basics of derivatives, click here.
There are two possible objectives to trading in financial
natural gas markets: hedging and speculation. Trading
in the physical market involves a certain degree of
risk. Price volatility in the natural gas markets can
result in financial exposure for marketers and other
market players as the price changes over time. Trading
financial derivatives can help to mitigate, or 'hedge'
this risk. A hedging strategy is created to reduce the
risk of losing money. Purchasing homeowner's insurance
is a common hedging activity. Similarly, a marketer
who plans on selling natural gas in the spot market
for the next month may be worried about falling prices,
and can use a variety of financial instruments to hedge
against the possibility of natural gas being worth less
in the future. Countless strategies exist to hedge against
price risk in the natural gas market, including natural
gas futures, derivatives based on weather conditions
to mitigate the risk of weather affecting the supply
of natural gas (and thus its market price), etc. To
learn more about the basics of hedging in the natural
gas market visit the New York Mercantile Exchange here.
Financial natural gas markets may also be used by market
participants who wish to speculate about price movements
or related events that may come about in the future.
The main difference between speculation and hedging
is that the objective of hedging is to reduce risk,
whereas the objective of speculation is to take on risk
in the hope of earning a financial return. Speculators
hope to forecast future events or price movements correctly,
and profit through these forecasts using financial derivatives.
Trading in the financial markets for speculative purpose
is essentially making an investment in financial markets
tied to natural gas, and financial speculators need
not have any vested interest in the buying or selling
of natural gas itself, only in the inherent underlying
value that is represented in financial derivatives.
While great profits may be made if the expectations
of a speculator prove correct, great losses may also
be incurred if these expectations are wrong. While the
instruments used for hedging and speculation are the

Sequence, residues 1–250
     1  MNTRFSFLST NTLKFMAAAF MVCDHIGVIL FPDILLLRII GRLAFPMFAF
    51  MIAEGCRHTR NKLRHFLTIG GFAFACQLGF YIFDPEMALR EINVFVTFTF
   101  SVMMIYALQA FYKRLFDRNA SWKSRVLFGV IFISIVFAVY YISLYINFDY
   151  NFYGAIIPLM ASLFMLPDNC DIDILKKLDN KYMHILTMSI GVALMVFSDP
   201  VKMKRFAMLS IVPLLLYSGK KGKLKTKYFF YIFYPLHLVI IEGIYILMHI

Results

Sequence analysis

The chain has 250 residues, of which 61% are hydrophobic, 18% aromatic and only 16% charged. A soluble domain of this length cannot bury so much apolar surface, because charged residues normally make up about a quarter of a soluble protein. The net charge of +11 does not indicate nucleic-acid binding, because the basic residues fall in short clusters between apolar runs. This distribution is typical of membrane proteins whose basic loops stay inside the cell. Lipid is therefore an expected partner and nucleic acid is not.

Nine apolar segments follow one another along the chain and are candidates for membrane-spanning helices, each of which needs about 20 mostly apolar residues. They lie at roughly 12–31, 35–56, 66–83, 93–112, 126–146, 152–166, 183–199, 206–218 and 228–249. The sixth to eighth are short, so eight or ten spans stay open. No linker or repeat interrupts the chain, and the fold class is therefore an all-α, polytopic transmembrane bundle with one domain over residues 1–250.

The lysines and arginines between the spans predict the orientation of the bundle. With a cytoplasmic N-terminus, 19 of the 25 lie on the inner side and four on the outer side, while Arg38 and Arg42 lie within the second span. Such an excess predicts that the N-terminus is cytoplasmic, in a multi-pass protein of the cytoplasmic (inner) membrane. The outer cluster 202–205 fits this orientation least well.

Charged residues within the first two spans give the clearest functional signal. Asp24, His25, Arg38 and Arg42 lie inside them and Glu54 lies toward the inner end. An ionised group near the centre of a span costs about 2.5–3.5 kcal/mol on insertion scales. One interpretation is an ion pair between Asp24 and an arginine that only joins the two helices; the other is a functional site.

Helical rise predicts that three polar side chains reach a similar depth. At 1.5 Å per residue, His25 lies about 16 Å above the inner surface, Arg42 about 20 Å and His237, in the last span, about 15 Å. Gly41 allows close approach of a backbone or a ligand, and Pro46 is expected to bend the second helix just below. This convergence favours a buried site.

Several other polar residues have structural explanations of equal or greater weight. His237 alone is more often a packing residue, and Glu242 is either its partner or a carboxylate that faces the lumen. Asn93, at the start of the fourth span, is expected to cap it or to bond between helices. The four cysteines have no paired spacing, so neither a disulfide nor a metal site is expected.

same, the way in which they are used determines whether
or not they in fact reduce, or increase, the risk of
Now that some of the basics of the natural gas market
have been covered, we can examine the function of natural
|Marketers in Action
Natural Gas Marketers
Any party who engages in the sale of natural gas can
be termed a marketer, however they are usually specialized
business entities dedicated solely to transacting in
the physical and financial energy markets. It is commonplace
for natural gas marketers to be active in a number of
energy markets, taking advantage of their knowledge
of these markets to diversify their business. Many natural
gas marketers are also involved in the marketing of
electricity, and in certain instances crude oil.
Marketers can be producers of natural gas, pipeline
marketing affiliates, distribution utility marketing
affiliates, independent marketers, and large volume
users of natural gas. A recent study of the origins
of natural gas marketers found that 27 percent of the
top 30 natural gas marketers in 2000 were entities spun
off from interstate pipeline companies. An equal percentage
was made up of entities affiliated with local distribution
companies. About 30 percent of the top natural gas marketers
were originally affiliated with producers, and entities
formed from large volume natural gas consumers comprise
6 percent. Finally, independent, newly formed entities
represent 10 percent of top natural gas marketers.
Marketing companies, whether affiliated with another